Yazidis urge ICC to open probe into ISIL atrocities
THE HAGUE - Agence France-Presse
Yazidi Kurdish women hold posters during a protest against the ISIL's invasion on Sinjar city one year ago, in Dohuk, northern Iraq, Monday, Aug. 3, 2015. AP PhotoIraq's Yazidi minority -- the target of brutal attacks by the Islamic State of Iraq and the Levant (ISIL) -- on Sept.24 urged the International Criminal Court to investigate the militants for allegations of genocide and sexual slavery.
Two Yazidi groups handed the court a new report and documents which show "that ISIS [ISIL] has systematically committed atrocities amounting to genocide and that these crimes fall within the jurisdiction of the ICC," said Murad Ismael of the Yazidi rights organisation Yazda.
Earlier this year, ICC chief prosecutor Fatou Bensouda said ISIL had committed crimes of "unspeakable cruelty" including mass executions, rape and torture.
But she said she could not investigate as neither Iraq nor Syria are signatories to the court and her "jurisdictional basis... is too narrow."
The report, however, specifically names some 20 foreign fighters from countries who have signed the ICC's founding Rome Statute.
A Kurdish-speaking minority mostly based around Sinjar mountain in northern Iraq, the Yazidis are neither Arabs nor Muslims and have a unique faith which ISIL militants consider to be heretical and polytheistic.
In August 2014, the jihadists made an unexpected push into areas of northern Iraq that had been under Kurdish control and were home to many of the country's minorities.
Worst-hit were the Yazidis, who were massacred and abducted in large numbers when ISIL entered the Sinjar area.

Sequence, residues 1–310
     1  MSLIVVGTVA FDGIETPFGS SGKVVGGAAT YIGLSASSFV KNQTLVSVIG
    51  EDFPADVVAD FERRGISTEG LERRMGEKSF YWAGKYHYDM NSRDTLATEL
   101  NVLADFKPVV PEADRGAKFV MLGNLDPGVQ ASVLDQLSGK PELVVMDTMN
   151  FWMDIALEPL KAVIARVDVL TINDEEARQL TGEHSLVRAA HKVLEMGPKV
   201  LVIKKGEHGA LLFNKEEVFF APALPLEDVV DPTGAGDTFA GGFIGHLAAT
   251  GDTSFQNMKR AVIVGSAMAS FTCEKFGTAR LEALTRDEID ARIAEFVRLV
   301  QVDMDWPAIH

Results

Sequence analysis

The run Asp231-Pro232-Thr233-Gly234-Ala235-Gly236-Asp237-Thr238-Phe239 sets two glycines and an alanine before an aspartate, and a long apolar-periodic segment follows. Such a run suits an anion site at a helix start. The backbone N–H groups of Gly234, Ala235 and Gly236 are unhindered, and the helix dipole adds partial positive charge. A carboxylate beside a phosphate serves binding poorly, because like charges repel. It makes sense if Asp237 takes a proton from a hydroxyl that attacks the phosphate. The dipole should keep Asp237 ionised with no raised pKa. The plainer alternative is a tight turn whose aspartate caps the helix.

Tens of thousands scrambled up Mount Sinjar in a panic and remained stranded there for days with no food nor water.
"It is abhorrent that such despicable crimes should be inflicted upon innocent civilians anywhere on Earth," said Ismael in a statement.
"The Yazidi community has been shattered by the sick crimes of ISIS terrorists who sought to annihilate the Yazidis on the basis of their religious distinctiveness," he said.
According to Yazda, it is believed that some 3,000 people, including children and the elderly were killed although the figures remain unclear.
The organisation said 12 mass graves have already been found around the Mount Sinjar area.
Yazda also estimates that more than 5,200 people were taken captive during the August 2014 attacks, from which about 1,900 managed to escape. The rest are still being held.
Eighty percent of the Yazidi population is now displaced and living in camps, Ismael added.
"ISIL sought to annihilate the religious identity, traditions and the very existence of the Yazidis," Yazda and the Free Yazidi Foundation said in their report to the ICC.
Speaking to AFP, the prosecutor's office confirmed the "receipt of information" submitted by the two groups, but would not comment further.
Ismael, who travelled from Houston, Texas to present the report to the court in The Hague, told AFP he was "confident that once the court reads through the details" it will decide it has jurisdiction over the case.